by Victoria Doerper, 1671 words

“Who-cooks-for-you….who-cooks-for-you,” the unique call of a barred owl, hushed and haunting, broke through the quiet of the dark forest. Buff, beige, and deep brown feathers rippled silently in the wind. Excelsior the owl was alert, his eyes deep golden pools of watchfulness. High atop a venerable cedar towering over the diner, he scanned the building, a special place producing tasty tidbits that attracted ravenous rats, famished mice, and the occasional vole and shrew. Excelsior’s favorite nocturnal delicacies. His family had perched in this place for generations, roaming the woods that edged downtown, winging through the tree-lined neighborhoods, following flightpaths that had, over the years, proven their worth for hunting and safety. From his lofty vantagepoint he could track the comings and goings of most any creature that moved down below. If they weren’t targets for possible meals, he found most of them to be pretty much benign and boring. Though the humans could be dangerous. The humans cut down trees, destroyed nests and hunting grounds. Some of them were gratuitously cruel. Avoid, his father had cautioned, but if you sense danger, then swoop in with a warning. If need be, attack. Attack with fierce purpose to protect your family.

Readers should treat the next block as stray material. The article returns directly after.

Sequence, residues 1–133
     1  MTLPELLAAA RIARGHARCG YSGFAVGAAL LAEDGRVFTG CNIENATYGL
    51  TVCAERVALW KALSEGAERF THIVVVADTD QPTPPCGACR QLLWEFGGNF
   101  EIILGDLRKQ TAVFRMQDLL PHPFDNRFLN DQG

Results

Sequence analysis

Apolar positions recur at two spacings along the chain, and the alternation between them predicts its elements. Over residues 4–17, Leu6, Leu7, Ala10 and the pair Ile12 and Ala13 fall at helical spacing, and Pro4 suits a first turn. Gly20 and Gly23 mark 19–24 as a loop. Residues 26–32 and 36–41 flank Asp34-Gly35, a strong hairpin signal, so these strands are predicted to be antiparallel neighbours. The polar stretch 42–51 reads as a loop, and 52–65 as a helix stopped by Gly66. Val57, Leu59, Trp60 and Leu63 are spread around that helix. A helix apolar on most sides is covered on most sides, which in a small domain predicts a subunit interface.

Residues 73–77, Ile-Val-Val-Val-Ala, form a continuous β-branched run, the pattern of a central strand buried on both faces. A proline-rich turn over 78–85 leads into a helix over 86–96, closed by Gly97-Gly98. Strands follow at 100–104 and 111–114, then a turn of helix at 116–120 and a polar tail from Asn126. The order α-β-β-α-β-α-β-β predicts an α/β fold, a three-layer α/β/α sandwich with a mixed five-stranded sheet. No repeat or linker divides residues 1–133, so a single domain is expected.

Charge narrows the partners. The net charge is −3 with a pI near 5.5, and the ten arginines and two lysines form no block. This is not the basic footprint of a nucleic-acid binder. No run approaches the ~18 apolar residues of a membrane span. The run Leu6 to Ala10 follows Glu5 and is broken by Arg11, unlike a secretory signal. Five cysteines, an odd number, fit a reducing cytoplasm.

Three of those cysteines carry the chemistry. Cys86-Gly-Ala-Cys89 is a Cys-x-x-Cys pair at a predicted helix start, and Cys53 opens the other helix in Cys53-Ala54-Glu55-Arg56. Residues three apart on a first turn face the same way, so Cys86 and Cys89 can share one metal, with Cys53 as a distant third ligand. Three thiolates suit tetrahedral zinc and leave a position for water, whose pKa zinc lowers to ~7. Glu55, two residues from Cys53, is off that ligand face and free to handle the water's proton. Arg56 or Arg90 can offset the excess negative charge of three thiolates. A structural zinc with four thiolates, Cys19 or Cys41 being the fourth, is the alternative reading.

Owls had a special intuitive sense about humans. Excelsior knew through family legend that the woman who ran the diner was a friend. His father had told the story of the day he’d seen her shouting at the men who’d come in a bright yellow roaring machine, the one that had already felled a tree in the wood next to the diner. She’d shaken her fist, then rushed over to the trunk of a shaggy cedar tree, his family’s favorite cedar, and would not move. The bad men went away. They never did come back. Excelsior himself had a knack for discerning human intentions, as if his ability to see through the dark let him see right into the hearts of humans. The other human, the daughter of the tree-defender, was good too. But the man who recently kept coming around the diner to see the daughter, he was not. Excelsior had warned him to stay away several times by hissing and clicking, flying close enough to ruffle the man’s blond hair. Once Excelsior, claws extended, knocked him in the back of the neck and bloodied him. But the man did not go away. He’d yelled and cursed. The daughter came out and talked to the bad man, then put her arm around him and walked him inside. Excelsior had been trying to protect her. He’d never stop trying to protect her and the tree-defender. He was patient. He’d keep a watchful eye. He’d do what needed to be done.